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Identifying Factors Affecting Persistence Rates Among Undergraduate Engineering Students From Underrepresented Populations At The University Of Virginia

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2007 Annual Conference & Exposition


Honolulu, Hawaii

Publication Date

June 24, 2007

Start Date

June 24, 2007

End Date

June 27, 2007



Conference Session

Factors Affecting Minority Engineering Students

Tagged Division

Minorities in Engineering

Page Count


Page Numbers

12.817.1 - 12.817.8



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Paper Authors

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Carolyn Vallas University of Virginia


Susan Donohue University of Virginia

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Susan Donohue is adjunct faculty in the Department of Systems and Information Engineering in the School of Engineering and Applied Science at the University of Virginia. She will serve as an AGEP Postdoctoral Engineering Education Researcher (PEER) through the Center of Advancement in Engineering Education Research (CASEE), the National Academy of Engineering starting in May, 2007. She received the B.A. degree in political science from Marquette University, Milwaukee, Wisconsin and the M.E. and Ph.D. degrees in systems engineering from the University of Virginia, Charlottesville. Her academic honors include memberships in Phi Beta Kappa, Alpha Sigma Nu, and Omega Rho. Her professional affiliations include IEEE and ASEE. Her main research interests include knowledge engineering and retention/persistence issues.

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Identifying Factors Affecting Persistence Rates Among Undergraduate Engineering Students from Underrepresented Populations Abstract

The literature abounds with descriptions of factors affecting persistence rates both positively and negatively among undergraduate engineering students from underrepresented populations. For the purposes of this study, the relevant underrepresented populations are African American, Hispanic American, and Native American. Some of these factors universally affect all students, and others are specific to a school of engineering’s culture. We propose a survey to identify the factors most significantly affecting persistence rates at the School of Engineering at the University of Virginia (U.Va. SEAS), the developmental form of which is presented in this paper, as the first step in creating retention programs that will work effectively in our institutional culture.

Keywords: Persistence, retention, underrepresented populations in engineering


Research into the factors affecting persistence among undergraduate engineering students from underrepresented populations addresses a critical need. There is a well documented gap between the demand for technically educated professionals needed to maintain the United States’ competitiveness in science and engineering and the supply graduating from U.S. schools and colleges of engineering.1 Overall, domestic demand for engineers and computer scientists is predicted to rise by 36% by 2010, yet the number of engineering baccalaureate degrees granted by colleges and universities in the U.S. was off in 2004 by 20% from the peak number in 1985. And the national retention rate in engineering, as of 2006, is 48%, a rate that has remained relatively flat for over a decade.2 No student population demographic can be neglected in the effort to close the supply-demand gap. Historically, certain populations – African American, Hispanic American, and Native American – are underrepresented in engineering in proportion to their numbers in the general population due to many cultural, social, and academic factors. (see, for example,3) These populations also represent “the largest untapped resources available to help maintain and/or increase engineering enrollments”4 although they, regrettably, enroll in engineering studies in smaller numbers and leave in larger numbers than students from other populations.5 Consider, too, the fact that it is more cost effective to retain undergraduate engineering students than to recruit them.6 It is therefore imperative to identify and incorporate the factors most affecting persistence – both “leaving” and “staying” factors – among students from underrepresented populations into retention initiatives in order to increase the probability of the initiatives’ success.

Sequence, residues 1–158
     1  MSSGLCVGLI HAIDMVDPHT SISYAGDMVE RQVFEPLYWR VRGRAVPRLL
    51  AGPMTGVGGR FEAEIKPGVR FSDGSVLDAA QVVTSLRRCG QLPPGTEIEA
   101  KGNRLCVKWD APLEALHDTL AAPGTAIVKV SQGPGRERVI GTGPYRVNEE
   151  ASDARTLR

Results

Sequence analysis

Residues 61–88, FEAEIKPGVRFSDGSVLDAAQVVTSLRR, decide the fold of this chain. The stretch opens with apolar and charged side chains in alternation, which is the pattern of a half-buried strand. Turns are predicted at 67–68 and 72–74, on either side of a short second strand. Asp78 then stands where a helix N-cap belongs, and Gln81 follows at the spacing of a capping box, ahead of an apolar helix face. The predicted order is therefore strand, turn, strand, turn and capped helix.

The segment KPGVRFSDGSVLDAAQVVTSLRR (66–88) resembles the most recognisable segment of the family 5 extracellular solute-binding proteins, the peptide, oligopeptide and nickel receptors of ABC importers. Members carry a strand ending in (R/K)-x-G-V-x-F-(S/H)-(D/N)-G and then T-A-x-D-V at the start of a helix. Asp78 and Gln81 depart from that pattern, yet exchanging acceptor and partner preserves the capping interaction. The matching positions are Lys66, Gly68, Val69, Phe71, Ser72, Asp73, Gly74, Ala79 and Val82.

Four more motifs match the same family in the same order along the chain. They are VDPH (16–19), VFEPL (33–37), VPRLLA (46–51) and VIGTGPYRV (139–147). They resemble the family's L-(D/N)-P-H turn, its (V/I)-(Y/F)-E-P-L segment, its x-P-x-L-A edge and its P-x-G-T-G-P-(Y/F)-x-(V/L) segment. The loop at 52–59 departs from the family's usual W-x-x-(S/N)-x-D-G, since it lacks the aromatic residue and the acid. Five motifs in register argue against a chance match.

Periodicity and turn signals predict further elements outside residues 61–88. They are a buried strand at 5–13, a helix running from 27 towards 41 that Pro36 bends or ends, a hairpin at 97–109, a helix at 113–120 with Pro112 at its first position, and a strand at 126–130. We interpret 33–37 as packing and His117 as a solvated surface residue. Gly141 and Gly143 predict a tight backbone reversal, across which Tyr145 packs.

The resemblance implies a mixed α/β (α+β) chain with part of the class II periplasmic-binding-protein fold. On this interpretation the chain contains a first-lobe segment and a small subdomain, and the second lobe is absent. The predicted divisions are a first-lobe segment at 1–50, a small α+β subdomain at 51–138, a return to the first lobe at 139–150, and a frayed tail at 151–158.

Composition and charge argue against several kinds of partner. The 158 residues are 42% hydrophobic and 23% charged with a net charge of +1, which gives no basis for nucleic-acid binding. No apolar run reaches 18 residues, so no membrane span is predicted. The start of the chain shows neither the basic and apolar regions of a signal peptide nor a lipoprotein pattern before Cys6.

There are several ways to elicit information regarding the factors most significantly affecting persistence rates: observation, interviews, focus groups, and surveys. We choose to start with a survey for several reasons. First, a survey is the most efficient means for quickly collecting a standardized set of data that can be used to structure future research efforts. Second, the survey will purposefully support a mixed methods (a combination of quantitative and qualitative

Vallas, C., & Donohue, S. (2007, June), Identifying Factors Affecting Persistence Rates Among Undergraduate Engineering Students From Underrepresented Populations At The University Of Virginia Paper presented at 2007 Annual Conference & Exposition, Honolulu, Hawaii. 10.18260/1-2--2925

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